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The Creolization of Theoryby Francoise Lionnet
Synopses & Reviews
Introducing this collection of essays, Françoise Lionnet and Shu-mei Shih argue that looking back—investigating the historical, intellectual, and political entanglements of contemporary academic disciplines—offers a way for scholars in the humanities to move critical debates forward. They describe how disciplines or methodologies that seem distinct today emerged from overlapping intellectual and political currents in the 1960s and early 1970s, in the era of decolonization, the U.S. civil rights movement, and antiwar activism. While both American ethnic studies programs and “French theory” originated in decolonial impulses, over time, French theory became depoliticized in the American academy. Meanwhile, ethnic studies, and later also postcolonial studies, developed politically and historically grounded critiques of inequality. Suggesting that the abstract universalisms of Euro-American theory may ultimately be the source of its demise, Lionnet and Shih advocate the creolization of theory: the development of a reciprocal, relational, and intersectional critical approach attentive to the legacies of colonialism. This use of creolization as a theoretical and analytical rubric is placed in critical context by Dominique Chancé, who provides a genealogy of the concept of creolization. In their essays, leading figures in their fields explore the intellectual, disciplinary, and ethical implications of the creolized theory elaborated by Lionnet and Shih. Édouard Glisssant links the extremes of globalization to those of colonialism and imperialism in an interview appearing for the first time in English in this volume. The Creolization of Theory is a bold intervention in debates about the role of theory in the humanities.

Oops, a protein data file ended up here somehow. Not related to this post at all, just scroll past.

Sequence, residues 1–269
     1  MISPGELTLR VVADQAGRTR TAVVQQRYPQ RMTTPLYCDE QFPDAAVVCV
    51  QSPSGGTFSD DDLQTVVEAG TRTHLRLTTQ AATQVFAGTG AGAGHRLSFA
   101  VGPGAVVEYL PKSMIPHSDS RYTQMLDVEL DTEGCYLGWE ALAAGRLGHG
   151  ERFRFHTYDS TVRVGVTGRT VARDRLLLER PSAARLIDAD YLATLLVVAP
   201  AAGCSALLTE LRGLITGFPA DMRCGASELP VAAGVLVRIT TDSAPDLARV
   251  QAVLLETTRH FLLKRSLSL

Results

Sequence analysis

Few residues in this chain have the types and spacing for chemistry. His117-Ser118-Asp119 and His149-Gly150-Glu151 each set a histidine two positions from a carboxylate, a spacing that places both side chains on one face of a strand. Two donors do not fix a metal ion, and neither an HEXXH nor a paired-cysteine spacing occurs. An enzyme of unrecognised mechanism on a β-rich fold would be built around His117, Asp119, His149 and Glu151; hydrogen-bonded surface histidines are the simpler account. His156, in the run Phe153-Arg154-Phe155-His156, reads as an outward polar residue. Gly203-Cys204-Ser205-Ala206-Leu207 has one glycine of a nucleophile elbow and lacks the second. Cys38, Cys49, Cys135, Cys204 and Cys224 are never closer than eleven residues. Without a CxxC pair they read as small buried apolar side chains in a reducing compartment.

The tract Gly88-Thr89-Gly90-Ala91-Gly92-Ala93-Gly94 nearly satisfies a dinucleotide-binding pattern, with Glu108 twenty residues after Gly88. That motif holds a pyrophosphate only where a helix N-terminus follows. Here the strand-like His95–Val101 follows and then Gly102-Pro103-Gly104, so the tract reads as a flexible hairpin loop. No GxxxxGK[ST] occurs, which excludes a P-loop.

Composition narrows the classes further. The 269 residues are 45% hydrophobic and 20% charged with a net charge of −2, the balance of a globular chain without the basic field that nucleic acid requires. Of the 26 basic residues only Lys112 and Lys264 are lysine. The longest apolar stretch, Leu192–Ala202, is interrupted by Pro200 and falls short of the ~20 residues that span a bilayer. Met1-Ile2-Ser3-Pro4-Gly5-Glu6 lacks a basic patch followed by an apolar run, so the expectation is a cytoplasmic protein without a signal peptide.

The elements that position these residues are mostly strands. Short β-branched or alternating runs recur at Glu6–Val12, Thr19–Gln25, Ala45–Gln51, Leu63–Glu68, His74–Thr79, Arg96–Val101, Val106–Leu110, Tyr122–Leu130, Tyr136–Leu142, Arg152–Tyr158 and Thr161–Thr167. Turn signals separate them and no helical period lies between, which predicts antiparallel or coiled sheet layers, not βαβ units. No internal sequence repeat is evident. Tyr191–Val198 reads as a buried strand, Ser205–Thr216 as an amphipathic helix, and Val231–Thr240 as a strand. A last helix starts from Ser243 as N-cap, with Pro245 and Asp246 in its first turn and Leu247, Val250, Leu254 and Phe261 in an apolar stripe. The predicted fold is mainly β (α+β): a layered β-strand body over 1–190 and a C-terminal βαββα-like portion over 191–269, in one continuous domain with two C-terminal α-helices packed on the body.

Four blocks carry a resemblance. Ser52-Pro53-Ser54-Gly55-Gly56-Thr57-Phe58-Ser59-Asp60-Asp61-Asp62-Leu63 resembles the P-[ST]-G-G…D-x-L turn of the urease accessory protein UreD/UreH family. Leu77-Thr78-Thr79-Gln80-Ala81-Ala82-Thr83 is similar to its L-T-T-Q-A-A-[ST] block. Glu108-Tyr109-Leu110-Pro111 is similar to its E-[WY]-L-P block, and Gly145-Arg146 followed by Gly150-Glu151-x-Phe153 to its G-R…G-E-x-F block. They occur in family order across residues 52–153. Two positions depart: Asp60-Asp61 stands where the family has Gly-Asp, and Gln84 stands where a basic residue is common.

Contributors. Étienne Balibar, Dominique Chancé, Pheng Cheah, Leo Ching, Liz Constable, Anne Donadey, Fatima El-Tayeb, Julin Everett, Édouard Glissant, Barnor Hesse, Ping-hui Liao, Françoise Lionnet, Walter Mignolo, Andrea Schwieger Hiepko, Shu-mei Shih
A volume that proposes creolization as a possible way to re-invigorate cultural theory and area studies.
This bold intervention in debates about the role of theory in the humanities advocates the development of a reciprocal, relational, and intersectional critical methodology attentive to the legacies of colonialism.
About the Author
“The Creolization of Theory is a highly significant, originally and thoughtfully conceived volume. It advances contemporary debates about the place of theory in cultural criticism in the aftermath of postmodernism, decolonization, and globalization. One of its greatest contributions is to critically decenter European theory in order to highlight the plurality of theories that emerges out of the material processes of decolonization.”—Lisa Lowe, University of California, San Diego
“Showcasing considerable critical vision and rigorous inquiry, The Creolization of Theory is an ambitious collective endeavor to rethink the notion of theory, which has been instrumental in reshaping humanistic studies in North America in the past few decades. The contributors help to develop an understanding of theory as an evolving, rather than completed, phenomenon, one that must continue to be subject to new historical and cross-cultural challenges.”—Rey Chow, author of The Age of the World Target: Self-Referentiality in War, Theory, and Comparative Work
“The essays in The Creolization of Theory present us with an excess of lucidity on the complex issues that grow out of the mixings, interrelations, and multidirectionalities of theory in today’s world. Their implications range far beyond the academy. Several of the essays here are destined to be returned to again and again. A volume to be celebrated.”—Ato Quayson, author of Aesthetic Nervousness: Disability and the Crisis of Representation
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